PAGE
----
Wherein I (over)analyze Disney’s next step towards the robot apocalypse

As you all know, my brain does not work like that of normal people. [He says, making a grotesque understatement.] One particular gift/curse granted me by this derangement of the mind is my innate ability to just mentally disassemble things I’m looking at, and—regardless of complexity —instantly understand how they work.  Or, to put it another way: I can see the Matrix.

So I was doing my morning web browsing, when I spotted an article about an animatronic attraction being constructed at Tokyo Disneyland. The animated gif heading the article caught my attention because the technology looked so advanced. And in the video, they showed the inner workings of one of the characters’ arms for like three seconds. Read on for a better look at the arm, and my (over)analysis.

The Animatronic Arm

Yes, I really did capture three frames from the video and stitch them together to get this pic. No, I am not right in the head.

My (Over)Analysis

They’re clearly not screwin’ around here, these ain’t some hokey old animatronics made out of welded steel, pneumatic cylinders, and fiberglass… That is some beautifully CNC-machined and anodized aluminium. Some real aerospace-grade engineering and design work, to be sure. I’m guessing the plastic is SLS nylon. Both for the material properties and because an SLS printer is a perfect fit for the in-house rapid-prototyping and production needs of an operation like this. 🤔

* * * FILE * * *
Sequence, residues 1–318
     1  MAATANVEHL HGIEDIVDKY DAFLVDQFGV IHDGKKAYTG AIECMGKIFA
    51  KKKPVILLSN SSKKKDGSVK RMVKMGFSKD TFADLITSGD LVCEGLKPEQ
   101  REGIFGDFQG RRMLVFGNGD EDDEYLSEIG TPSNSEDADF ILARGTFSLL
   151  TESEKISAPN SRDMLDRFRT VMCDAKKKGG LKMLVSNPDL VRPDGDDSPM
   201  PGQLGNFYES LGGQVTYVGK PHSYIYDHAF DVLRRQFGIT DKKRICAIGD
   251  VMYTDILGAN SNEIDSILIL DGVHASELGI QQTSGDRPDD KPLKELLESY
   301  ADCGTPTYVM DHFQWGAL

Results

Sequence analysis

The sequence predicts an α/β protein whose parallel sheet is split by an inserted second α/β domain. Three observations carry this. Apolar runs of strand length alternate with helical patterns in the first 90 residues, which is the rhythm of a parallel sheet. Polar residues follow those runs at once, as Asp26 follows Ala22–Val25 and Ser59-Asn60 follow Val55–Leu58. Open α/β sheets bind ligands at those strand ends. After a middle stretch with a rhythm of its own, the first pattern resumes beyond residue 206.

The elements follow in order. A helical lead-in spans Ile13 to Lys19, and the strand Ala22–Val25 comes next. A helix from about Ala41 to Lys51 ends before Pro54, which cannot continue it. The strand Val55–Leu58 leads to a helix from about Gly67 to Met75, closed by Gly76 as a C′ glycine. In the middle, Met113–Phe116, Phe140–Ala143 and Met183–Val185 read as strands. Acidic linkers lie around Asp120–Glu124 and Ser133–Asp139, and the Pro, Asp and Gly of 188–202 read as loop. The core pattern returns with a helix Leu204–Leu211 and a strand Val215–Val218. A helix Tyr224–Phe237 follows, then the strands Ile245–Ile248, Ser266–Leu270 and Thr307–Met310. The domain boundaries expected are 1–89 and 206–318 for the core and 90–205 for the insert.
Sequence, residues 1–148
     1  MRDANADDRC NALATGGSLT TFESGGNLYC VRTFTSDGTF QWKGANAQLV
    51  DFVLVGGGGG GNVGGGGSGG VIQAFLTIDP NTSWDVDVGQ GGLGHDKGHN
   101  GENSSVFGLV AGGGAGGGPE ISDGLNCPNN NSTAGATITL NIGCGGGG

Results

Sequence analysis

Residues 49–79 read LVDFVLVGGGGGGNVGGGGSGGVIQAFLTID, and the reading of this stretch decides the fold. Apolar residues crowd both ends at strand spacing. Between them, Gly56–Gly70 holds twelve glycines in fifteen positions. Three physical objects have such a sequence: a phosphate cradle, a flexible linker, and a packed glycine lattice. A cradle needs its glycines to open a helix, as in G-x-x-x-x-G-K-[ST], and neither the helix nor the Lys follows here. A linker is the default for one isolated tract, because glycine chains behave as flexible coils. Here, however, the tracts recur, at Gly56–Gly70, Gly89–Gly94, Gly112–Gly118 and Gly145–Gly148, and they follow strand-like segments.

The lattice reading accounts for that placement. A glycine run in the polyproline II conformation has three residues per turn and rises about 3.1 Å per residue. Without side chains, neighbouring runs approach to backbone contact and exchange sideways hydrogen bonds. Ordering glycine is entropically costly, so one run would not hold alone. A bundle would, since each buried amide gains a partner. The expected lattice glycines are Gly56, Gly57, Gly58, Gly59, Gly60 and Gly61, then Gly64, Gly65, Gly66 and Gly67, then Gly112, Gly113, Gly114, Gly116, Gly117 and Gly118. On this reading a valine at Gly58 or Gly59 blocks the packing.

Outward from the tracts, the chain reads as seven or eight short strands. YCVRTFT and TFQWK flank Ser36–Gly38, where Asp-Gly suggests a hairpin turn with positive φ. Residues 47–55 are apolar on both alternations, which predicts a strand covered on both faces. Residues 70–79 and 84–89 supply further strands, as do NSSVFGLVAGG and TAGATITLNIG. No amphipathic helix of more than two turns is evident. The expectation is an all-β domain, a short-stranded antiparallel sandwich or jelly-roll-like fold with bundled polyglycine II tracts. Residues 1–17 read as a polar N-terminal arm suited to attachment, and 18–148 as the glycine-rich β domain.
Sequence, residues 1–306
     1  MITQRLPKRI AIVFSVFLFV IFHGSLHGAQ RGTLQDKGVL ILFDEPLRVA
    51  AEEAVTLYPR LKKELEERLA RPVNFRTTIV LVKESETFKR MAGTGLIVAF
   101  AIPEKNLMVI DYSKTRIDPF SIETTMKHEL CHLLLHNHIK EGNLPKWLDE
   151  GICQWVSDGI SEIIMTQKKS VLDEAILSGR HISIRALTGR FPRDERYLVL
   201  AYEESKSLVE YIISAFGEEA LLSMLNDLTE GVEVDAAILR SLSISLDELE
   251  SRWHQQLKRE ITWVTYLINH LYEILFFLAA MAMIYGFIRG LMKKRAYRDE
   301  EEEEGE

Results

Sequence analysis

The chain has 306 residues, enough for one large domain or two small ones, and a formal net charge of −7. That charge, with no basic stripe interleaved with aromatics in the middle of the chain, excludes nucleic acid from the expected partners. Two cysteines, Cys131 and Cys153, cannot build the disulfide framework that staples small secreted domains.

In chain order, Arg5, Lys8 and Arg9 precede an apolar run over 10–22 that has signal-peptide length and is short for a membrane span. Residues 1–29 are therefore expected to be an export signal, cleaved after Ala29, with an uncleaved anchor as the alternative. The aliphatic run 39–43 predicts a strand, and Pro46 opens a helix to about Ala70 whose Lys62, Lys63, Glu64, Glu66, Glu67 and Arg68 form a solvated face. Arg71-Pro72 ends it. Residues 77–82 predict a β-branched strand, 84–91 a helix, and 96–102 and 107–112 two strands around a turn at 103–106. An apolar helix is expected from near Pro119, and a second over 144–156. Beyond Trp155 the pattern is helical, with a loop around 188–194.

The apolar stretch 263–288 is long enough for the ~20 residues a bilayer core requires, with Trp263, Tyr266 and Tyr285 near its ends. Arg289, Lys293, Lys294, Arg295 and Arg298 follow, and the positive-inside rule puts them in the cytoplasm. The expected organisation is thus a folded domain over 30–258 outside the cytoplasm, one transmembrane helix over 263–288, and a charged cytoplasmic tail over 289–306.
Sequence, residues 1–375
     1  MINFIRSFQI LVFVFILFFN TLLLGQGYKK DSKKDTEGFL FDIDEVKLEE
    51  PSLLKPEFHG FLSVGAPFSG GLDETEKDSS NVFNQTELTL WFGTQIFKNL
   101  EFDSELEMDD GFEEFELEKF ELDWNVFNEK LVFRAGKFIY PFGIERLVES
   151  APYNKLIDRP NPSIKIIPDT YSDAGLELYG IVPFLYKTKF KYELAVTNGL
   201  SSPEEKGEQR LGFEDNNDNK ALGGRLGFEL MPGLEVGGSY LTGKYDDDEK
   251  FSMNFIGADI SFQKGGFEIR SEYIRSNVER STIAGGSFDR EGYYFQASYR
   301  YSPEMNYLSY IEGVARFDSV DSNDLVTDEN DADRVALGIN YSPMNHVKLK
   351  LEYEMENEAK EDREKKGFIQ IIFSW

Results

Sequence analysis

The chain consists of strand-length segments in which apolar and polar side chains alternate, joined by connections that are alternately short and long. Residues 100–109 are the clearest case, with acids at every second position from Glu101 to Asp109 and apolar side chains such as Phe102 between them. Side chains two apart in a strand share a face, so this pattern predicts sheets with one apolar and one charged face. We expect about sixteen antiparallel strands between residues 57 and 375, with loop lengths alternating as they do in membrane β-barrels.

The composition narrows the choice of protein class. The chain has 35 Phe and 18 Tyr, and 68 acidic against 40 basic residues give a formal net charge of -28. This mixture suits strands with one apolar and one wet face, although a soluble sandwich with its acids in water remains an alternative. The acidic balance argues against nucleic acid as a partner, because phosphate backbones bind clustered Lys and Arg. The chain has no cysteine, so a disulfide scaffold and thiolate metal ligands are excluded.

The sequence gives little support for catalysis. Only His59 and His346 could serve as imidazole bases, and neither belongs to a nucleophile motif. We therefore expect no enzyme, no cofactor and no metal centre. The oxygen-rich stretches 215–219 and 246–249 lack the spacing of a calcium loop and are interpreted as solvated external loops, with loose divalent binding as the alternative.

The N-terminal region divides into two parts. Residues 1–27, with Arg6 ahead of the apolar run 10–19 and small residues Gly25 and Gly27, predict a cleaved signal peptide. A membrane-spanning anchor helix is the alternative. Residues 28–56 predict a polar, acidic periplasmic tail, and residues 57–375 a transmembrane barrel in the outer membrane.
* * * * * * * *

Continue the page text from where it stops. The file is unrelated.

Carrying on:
As an enginerd and maker-of-things, I am in awe of this. All I do is sit around designing crazy stuff, and even I’m learning things just from looking at that picture!

Take for example the wrist articulation. It has a deviation (side to side) axis driven by a servo in the forearm, connected via a linkage across the wrist joint, to a pivot. (That’s why there’s two pivots. The other, central, one is the pivot where the hand is connected to the arm.)

Except I’m almost certain the wrist also has a flexion (bending) axis as well. There’s no other reason for the wiring harness to continue on into the hand unless there’s a servo in there, moving the wrist on what appears to be a pivot perpendicular to the other two pivot points… Which would mean that both the linkage for the deviation axis, and the main pivot for the wrist, aren’t attached to the hand itself, but to a stationary part of this additional axis. (Because they have to be fixed, and not bend with the hand.)

[Edit: The more I look at it, the more I’m not completely certain the deviation axis is moved by a servo. If it’s a servo, it shouldn’t be necessary to physically restrict the movement, as you can see on the forearm end of the linkage. Unless that’s just a failsafe. I wouldn’t think any of it would be pneumatic though, traditionally pneumatics aren’t responsive enough to get these kinds of performances.🤔 I also have yet to figure out where the actuator for the flexion axis is, or how it’s connected. One thought is that it’s either a hollow bore or double-shaft servo, and the flexion axis’ stationary pivot is attached to the shaft, while the motor is mounted to the hand. So the motor is the thing which moves, not the shaft.]